6 Quick HTML Fixes for Increasing Website Loading Times
By Gary Stevens ; November 10th, 2017

As internet speeds increase around the world, it seems that we only get more impatient when it comes to pages that load slowly. This is especially true if we are looking at sites on our phones, where a web page that takes longer than a few seconds to load can be very frustrating.

Designing a fast website need not be that difficult. There are some basic principles to bear in mind when designing and optimizing your site. It should be clean, and as minimal as possible. It should have a logical design that allows users to reach the pages they are looking for quickly and easily.

Beyond this, there are some basic things you can do to improve your sites' speed. One of the easiest is to have a look at the basic code your site runs on - the HTML - and ruthlessly eliminate unnecessary bits of code.

By doing this, you should see your sites' load times improve dramatically. Because you are optimizing the base level of your site, everything from image cropping to payment systems should see an improvement.

Today, I'll take you through 6 ways of optimizing your HTML code.

1. Minify Your HTML

A super quick way of optimizing your HTML code is to use an online, automated code compressor. In the olden days, when HTML was written by hand, developers would write minimal code by instinct. Now that most of us use GUIs for web page design, generated HTML can sometimes be hopelessly inefficient.

Online code compressors like HTML Compress work on a pretty basic principle, deleting comments and white space out of your code to reduce file sizes and speed up loading times. They can have a big effect on complicated websites that have gone through many revisions.

One downside of such services, however, is that they can make your code pretty hard to read. If you are the type of coder who likes to leave comments for yourself, these will generally be lost.

2. Make CSS and JS Files External

Even a few years ago, there was an unwritten rule of HTML that helped pages to load quickly: keep your CSS and JS files external, invoke the CSS at the beginning of a page, and the JS scripts at the bottom.

In recent years, this rule has begun to be ignored, which is unfortunate. Stick to it, and you will avoid long delays as your browser tries to load your fancy JS script before the important bits of the page.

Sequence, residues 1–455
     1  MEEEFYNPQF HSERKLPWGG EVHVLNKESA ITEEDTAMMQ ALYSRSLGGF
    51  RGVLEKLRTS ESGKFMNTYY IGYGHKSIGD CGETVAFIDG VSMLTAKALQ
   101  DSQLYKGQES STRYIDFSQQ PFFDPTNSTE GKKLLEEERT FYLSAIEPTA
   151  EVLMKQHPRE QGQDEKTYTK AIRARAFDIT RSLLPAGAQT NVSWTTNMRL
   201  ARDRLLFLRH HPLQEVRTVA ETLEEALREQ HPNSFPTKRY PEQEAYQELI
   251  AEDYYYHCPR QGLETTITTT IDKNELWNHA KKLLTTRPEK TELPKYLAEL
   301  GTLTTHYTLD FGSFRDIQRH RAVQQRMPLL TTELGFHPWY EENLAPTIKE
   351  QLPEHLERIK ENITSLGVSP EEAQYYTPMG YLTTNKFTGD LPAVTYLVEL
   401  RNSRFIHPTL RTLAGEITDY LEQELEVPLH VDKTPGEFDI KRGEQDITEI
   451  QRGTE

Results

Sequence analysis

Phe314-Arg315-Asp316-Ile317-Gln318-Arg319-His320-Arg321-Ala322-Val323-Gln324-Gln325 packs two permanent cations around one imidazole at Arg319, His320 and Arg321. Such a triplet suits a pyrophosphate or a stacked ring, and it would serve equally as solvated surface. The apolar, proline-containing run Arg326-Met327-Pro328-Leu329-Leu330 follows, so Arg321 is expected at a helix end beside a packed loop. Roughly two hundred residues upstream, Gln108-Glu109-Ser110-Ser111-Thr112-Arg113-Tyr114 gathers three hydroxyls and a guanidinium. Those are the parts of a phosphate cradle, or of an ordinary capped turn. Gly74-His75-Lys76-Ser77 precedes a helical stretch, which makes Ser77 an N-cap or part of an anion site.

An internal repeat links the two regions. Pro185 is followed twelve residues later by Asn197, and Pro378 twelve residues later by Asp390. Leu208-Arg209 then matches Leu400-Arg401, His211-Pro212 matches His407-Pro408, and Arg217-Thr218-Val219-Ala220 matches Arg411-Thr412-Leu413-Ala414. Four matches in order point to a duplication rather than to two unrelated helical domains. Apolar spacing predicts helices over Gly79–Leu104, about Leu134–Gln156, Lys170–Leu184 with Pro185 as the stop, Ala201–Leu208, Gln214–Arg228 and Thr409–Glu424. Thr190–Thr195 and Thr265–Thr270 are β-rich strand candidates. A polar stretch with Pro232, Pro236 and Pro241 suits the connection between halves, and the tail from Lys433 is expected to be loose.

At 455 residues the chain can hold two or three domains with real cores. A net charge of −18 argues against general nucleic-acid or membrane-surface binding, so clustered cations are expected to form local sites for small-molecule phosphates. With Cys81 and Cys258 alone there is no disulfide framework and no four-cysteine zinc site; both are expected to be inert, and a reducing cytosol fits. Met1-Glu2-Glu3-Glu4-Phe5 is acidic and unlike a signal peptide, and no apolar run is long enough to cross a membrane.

Bear in mind, however, that by keeping scripts external you are requiring your customers' browsers to load several different files, and if your web host is rubbish this will slow your page down. Check a website like Aussie Hosting for comparisons of hosting speeds to make sure this will not effect you.


3. Eliminate Duplicate Scripts

This might sound like a strange point to make, but have a look at some of your front end pages and you might see that the same JS scripts are being invoked multiple times on the same page. If this applies to you, don't kick yourself - it's actually a pretty common problem on sites that have been through a few revisions.

Not to state the obvious, but each additional instance of a JS script you invoke will slow down your pages, so make sure you only load them once.

In addition, it can be worth making these scripts conditional on other elements of the page, so that they only start when they are required, especially if you have a number of scripts per page.


4. Avoid CSS Expressions

CSS expressions where introduced in IE5, and at that time seemed to be a great invention. They allow you, basically, to set CSS properties on the fly, updating values and parameters dynamically. This made complicated formatting and font-heavy sites a lot easier to design.

The downside is that every time a user renders, re-sizes, or scrolls a page, the CSS is re-evaluated. This can really slow pages down.

There is still  a place for CSS expressions, but my advice would be this - unless you absolutely need to use one, don't.

5. Look At Your Code

Well, duh. It might sound obvious, but only by looking at your code - and I mean in a text editor, not in a GUI - can you truly optimize it. Ideally, you should regularly enough in order to understand how each new piece of HTML works, so you can optimize or delete it as you develop your site further.

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